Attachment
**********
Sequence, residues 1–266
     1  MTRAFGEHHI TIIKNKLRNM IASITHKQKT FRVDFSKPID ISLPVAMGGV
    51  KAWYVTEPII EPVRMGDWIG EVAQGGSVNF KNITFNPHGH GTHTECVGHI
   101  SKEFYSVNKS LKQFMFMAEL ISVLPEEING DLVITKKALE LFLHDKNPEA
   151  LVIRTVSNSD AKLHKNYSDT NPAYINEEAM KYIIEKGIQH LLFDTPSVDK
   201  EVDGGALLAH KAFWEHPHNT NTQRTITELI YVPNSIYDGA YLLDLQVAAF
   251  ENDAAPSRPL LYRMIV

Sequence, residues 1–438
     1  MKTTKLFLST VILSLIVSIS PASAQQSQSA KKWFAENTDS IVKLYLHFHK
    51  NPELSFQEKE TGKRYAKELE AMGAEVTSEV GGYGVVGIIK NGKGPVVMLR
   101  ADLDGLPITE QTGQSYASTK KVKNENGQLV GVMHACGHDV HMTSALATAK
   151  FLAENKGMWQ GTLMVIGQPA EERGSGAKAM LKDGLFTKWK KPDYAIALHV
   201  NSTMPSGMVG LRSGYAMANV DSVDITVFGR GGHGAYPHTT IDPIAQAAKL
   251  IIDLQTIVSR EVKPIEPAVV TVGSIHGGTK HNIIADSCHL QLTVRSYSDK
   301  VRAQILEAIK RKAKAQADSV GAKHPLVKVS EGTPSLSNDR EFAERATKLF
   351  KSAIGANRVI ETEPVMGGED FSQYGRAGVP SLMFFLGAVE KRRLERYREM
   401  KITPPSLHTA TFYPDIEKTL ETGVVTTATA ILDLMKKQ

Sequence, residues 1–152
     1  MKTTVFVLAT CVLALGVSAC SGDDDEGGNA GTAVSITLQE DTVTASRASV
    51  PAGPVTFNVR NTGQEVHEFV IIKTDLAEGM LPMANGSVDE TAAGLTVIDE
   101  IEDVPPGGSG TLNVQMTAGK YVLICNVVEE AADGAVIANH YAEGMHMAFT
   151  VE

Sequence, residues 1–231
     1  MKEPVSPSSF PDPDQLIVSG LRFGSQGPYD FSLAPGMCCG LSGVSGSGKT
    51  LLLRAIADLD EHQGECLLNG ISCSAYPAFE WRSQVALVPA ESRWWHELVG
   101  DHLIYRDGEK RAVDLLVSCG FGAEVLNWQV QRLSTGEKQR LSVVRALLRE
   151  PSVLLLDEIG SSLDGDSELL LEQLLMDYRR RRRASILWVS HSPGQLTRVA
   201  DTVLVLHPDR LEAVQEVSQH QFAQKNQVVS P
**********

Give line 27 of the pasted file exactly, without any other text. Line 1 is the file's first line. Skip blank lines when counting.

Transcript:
   151  PSVLLLDEIG SSLDGDSELL LEQLLMDYRR RRRASILWVS HSPGQLTRVA